In Bali, the majority of people [almost 90%] relate to Balinese Hinduism, the remaining as Islam. Religion and culture are very big in Indonesia, and Bali is no exception. As the majority of my time in Indonesia was spent in Bali, I can’t comment specifically on other provinces of Indonesia, but I can comment on Bali. Just about every single home, shop, hotel, and other workplace had at least one small temple. Homes have family temples, intricate and elaborately designed temples with statues and pointed/angled architecture. I could honestly spend months just touring around Bali and looking at family temples. They are gorgeous. Balinese Hinduism includes a focus on local and ancestral spirits and is different from traditional hinduism which focuses primarily on rebirth and reincarnation.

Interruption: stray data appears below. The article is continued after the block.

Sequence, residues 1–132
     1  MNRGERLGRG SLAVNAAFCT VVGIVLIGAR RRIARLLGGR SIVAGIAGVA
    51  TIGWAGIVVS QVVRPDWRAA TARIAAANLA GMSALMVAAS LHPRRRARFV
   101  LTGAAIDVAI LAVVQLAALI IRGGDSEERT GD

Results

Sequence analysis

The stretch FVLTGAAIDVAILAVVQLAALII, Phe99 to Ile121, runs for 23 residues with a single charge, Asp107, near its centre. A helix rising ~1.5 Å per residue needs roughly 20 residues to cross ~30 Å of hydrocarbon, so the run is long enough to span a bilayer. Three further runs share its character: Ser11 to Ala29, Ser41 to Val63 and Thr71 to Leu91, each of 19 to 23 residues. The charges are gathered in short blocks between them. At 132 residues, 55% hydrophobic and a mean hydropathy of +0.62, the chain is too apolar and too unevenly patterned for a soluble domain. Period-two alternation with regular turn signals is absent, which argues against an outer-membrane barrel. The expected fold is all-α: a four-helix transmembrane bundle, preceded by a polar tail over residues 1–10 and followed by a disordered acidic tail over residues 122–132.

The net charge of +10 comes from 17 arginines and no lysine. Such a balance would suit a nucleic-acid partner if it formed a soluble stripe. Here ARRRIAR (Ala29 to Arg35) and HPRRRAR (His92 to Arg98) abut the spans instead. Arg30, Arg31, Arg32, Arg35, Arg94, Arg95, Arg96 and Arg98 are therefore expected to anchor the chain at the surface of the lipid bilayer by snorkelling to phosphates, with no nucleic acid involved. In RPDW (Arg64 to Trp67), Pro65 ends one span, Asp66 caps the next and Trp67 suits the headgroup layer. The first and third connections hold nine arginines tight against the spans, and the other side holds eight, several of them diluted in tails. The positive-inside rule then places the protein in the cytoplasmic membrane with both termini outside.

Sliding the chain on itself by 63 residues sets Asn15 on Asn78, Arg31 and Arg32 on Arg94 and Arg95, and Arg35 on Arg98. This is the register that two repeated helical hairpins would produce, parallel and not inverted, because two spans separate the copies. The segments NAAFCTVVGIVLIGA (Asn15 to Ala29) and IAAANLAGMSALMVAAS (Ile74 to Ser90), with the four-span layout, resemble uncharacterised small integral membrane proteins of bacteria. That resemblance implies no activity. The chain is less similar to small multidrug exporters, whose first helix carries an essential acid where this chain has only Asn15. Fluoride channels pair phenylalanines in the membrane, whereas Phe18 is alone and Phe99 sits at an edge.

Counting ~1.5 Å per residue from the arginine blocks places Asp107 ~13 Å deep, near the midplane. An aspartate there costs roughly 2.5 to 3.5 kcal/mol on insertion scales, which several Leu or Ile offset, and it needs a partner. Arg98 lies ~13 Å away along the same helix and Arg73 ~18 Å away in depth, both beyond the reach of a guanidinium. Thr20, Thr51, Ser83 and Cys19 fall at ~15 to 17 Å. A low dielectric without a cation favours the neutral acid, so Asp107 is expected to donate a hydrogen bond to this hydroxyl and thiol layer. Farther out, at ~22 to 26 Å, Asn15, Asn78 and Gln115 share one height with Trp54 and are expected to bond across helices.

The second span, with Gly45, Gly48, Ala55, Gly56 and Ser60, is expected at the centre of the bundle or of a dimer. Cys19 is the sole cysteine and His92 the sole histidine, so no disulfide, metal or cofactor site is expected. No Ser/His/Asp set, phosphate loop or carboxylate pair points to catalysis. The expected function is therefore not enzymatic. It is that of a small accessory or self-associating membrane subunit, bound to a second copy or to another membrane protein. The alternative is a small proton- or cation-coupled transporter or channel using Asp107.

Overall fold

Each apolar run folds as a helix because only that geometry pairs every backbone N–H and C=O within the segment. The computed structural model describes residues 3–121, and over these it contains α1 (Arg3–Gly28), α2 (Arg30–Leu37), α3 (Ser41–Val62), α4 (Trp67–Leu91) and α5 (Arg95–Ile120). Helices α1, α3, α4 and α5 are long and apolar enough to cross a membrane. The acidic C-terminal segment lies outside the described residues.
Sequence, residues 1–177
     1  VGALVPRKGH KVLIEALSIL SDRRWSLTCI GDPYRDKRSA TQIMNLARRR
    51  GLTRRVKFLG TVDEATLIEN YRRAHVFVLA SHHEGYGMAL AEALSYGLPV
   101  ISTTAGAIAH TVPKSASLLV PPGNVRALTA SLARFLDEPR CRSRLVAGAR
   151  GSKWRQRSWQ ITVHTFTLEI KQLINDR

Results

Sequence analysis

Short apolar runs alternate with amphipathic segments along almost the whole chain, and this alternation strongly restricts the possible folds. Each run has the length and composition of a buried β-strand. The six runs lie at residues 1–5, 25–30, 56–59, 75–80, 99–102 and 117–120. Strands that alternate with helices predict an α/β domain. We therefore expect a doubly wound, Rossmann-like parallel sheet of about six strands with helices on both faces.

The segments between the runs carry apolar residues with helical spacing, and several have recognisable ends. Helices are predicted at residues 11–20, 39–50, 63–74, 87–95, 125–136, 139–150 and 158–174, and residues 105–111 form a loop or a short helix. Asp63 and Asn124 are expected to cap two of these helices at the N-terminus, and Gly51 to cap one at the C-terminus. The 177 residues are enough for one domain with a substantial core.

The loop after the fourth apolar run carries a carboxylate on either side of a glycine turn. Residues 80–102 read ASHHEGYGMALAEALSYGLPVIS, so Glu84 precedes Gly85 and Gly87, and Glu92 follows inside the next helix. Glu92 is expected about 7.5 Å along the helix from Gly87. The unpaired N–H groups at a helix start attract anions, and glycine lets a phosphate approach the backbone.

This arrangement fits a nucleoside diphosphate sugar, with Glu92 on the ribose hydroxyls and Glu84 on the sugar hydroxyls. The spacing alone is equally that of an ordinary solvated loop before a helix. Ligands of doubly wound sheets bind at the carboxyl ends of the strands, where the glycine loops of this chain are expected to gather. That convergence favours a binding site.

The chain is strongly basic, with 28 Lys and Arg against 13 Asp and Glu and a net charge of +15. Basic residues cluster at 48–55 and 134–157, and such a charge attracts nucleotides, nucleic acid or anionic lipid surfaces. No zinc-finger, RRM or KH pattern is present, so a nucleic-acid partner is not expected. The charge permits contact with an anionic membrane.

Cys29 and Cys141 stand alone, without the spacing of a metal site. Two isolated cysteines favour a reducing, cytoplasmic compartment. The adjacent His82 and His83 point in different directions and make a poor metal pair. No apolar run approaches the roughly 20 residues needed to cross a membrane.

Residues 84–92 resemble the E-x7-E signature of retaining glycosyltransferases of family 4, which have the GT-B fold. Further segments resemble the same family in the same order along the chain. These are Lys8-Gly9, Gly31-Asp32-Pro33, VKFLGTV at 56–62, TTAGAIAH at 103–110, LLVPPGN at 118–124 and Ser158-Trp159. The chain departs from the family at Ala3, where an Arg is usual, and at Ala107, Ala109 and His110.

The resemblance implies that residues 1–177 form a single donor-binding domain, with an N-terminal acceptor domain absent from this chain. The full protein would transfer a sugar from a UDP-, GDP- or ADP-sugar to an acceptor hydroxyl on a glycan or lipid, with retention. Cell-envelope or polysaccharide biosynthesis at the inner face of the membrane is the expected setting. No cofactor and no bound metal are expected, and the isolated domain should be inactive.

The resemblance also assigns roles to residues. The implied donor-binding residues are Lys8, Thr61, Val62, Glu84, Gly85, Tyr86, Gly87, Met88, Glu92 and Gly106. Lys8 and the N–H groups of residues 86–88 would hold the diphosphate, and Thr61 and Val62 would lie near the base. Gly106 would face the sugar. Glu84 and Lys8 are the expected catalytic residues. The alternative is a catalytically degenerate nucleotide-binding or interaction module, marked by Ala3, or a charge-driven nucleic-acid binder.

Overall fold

One Balinese guide/driver we had during our trip told us that there are a number of ceremonies that occur for newborns and children and that the child is actually not given a name until one of these ceremonies about 3 months after the child is born. Ceremonies are also big around the puberty timeframe, marriage, and perhaps most importantly, during the time of cremation in celebration of the afterlife. When it comes to cremations, the Balinese conduct an absolutely remarkable event and celebration as we learned through a few Balinese folks and conversations in Jakarta with other native Indonesians [Andrew worked in Jakarta for a few weeks prior to our Bali trip]. Large cremations occur on different time intervals so deceased family members will be buried until the appropriate time. At that point the bodies will be dug up for a proper cremation. Large models/statues of animals are built in which the bodies are placed to be carried to the appropriate temple. Once there, the bodies are transferred to lion or tiger statues for the actual “lighting on fire” part.